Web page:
Stereoselectivity of Bupivacaine in Local Anesthetic–sensitive Ion Channels of Peripheral Nerve
The local anesthetic bupivacaine exists in two stereoisomeric forms, R(+)- and S(−)-bupivacaine. Because of its lower cardiac and central nervous system toxicity, attempts were made recently to introduce S(−)-bupivacaine into clinical anesthesia. We investigated stereoselective actions of R(+)- and S(−)-bupivacaine toward two local anesthetic-sensitive ion channels in peripheral nerve, the Na+ and the flicker K+ channel.Methods
In patch-clamp experiments on enzymatically demyelinated peripheral amphibian nerve fibers, Na+ and flicker K+ channels were investigated in outside-out patches. Half-maximum inhibiting concentrations (IC50) were determined. For the flicker K+ channel, simultaneous block by R(+)-bupivacaine and S(−)-bupivacaine was analyzed for competition and association (k1) and dissociation rate constants (k−1) were determined.Results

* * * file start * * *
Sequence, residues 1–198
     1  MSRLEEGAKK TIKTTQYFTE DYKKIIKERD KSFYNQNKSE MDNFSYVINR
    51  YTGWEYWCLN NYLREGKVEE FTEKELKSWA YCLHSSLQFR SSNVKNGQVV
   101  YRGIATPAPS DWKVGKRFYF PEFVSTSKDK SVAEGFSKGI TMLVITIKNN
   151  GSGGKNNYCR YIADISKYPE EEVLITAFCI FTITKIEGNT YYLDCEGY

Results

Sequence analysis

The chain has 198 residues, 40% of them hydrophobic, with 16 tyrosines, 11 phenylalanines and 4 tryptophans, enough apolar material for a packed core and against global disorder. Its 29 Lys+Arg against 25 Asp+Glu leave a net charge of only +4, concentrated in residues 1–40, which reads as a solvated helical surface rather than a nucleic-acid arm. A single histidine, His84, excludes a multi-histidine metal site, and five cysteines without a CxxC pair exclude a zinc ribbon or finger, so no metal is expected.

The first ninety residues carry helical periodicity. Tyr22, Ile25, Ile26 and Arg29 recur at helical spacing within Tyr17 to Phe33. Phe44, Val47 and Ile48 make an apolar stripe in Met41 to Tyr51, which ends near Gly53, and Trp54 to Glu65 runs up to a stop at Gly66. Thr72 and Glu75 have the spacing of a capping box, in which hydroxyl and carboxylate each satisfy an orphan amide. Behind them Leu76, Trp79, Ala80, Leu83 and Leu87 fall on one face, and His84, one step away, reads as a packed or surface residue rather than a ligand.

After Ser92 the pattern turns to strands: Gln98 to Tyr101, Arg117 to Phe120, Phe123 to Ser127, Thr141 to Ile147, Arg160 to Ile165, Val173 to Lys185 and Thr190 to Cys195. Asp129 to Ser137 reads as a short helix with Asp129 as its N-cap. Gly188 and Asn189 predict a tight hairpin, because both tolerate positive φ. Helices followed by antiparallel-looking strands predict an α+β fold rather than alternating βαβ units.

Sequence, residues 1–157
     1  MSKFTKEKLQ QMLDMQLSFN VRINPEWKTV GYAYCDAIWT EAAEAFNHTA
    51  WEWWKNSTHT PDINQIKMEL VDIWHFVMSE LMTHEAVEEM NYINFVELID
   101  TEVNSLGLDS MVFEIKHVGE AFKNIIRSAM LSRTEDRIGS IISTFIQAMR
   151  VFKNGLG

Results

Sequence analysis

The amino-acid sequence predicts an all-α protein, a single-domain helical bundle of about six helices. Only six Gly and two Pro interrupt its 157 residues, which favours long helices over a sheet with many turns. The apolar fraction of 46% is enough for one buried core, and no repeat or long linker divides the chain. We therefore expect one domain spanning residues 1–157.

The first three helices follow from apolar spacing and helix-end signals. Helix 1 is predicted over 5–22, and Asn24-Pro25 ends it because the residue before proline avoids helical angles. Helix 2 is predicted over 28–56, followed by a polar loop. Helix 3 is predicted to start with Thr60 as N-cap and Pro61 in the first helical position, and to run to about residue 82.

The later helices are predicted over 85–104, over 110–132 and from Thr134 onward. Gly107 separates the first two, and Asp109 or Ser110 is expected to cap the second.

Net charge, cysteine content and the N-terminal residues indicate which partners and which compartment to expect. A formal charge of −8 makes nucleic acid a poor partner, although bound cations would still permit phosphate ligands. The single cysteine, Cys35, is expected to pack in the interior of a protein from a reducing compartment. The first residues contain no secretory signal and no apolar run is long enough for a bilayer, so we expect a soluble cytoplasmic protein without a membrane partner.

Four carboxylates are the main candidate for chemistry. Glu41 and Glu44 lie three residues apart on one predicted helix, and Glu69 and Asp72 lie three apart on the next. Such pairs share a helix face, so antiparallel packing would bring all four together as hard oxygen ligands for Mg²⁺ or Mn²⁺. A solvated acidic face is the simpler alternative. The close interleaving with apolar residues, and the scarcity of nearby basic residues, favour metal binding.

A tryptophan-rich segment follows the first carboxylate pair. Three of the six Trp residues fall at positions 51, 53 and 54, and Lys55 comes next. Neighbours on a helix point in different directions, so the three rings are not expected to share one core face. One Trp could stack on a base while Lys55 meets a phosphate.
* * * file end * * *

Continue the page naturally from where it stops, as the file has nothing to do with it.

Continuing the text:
Both channels were reversibly blocked by R(+)- and S(−)-bupivacaine. The IC50 values (±SEM) for tonic Na+ channel block were 29 ± 3 μM and 44 ± 3 μM, respectively. IC50 values for flicker K+ channel block were 0.15 ± 0.02 μM and 11 ± 1 μM, respectively, resulting in a high stereopotency ratio (±) of 73. Simultaneously applied enantiomers competed for a single binding site. Rate constants k1 and k−1 were 0.83 ± 0.13 × 106 M−1 · s−1 and 0.13 ± 0.03 s−1, respectively, for R(+)-bupivacaine and 1.90 ± 0.20 × 106 M−1 · s−1 and 8.3 ± 1.0 s−1, respectively, for S(−)-bupivacaine.Conclusions
Bupivacaine block of Na+ channels shows no salient stereoselectivity. Block of flicker K+ channels has the highest stereoselectivity ratio of bupivacaine action known so far. This stereoselectivity derives predominantly from a difference in k−1, suggesting a tight fit between R(+)-bupivacaine and the binding site. The flicker K+ channel may play an important role in yet unknown toxic mechanisms of R(+)-bupivacaine.